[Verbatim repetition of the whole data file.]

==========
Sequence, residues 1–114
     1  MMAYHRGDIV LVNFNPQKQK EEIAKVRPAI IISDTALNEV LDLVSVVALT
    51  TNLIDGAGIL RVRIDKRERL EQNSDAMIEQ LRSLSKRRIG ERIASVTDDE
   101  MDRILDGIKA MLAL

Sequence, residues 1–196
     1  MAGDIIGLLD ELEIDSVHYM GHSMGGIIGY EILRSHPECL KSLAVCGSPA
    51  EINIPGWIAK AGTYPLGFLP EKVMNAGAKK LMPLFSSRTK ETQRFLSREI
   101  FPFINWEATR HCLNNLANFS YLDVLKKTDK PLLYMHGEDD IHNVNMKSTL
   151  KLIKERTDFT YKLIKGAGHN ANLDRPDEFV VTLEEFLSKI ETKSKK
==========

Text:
Sequence, residues 1–114
     1  MMAYHRGDIV LVNFNPQKQK EEIAKVRPAI IISDTALNEV LDLVSVVALT
    51  TNLIDGAGIL RVRIDKRERL EQNSDAMIEQ LRSLSKRRIG ERIASVTDDE
   101  MDRILDGIKA MLAL

Sequence, residues 1–196
     1  MAGDIIGLLD ELEIDSVHYM GHSMGGIIGY EILRSHPECL KSLAVCGSPA
    51  EINIPGWIAK AGTYPLGFLP EKVMNAGAKK LMPLFSSRTK ETQRFLSREI
   101  FPFINWEATR HCLNNLANFS YLDVLKKTDK PLLYMHGEDD IHNVNMKSTL
   151  KLIKERTDFT YKLIKGAGHN ANLDRPDEFV VTLEEFLSKI ETKSKK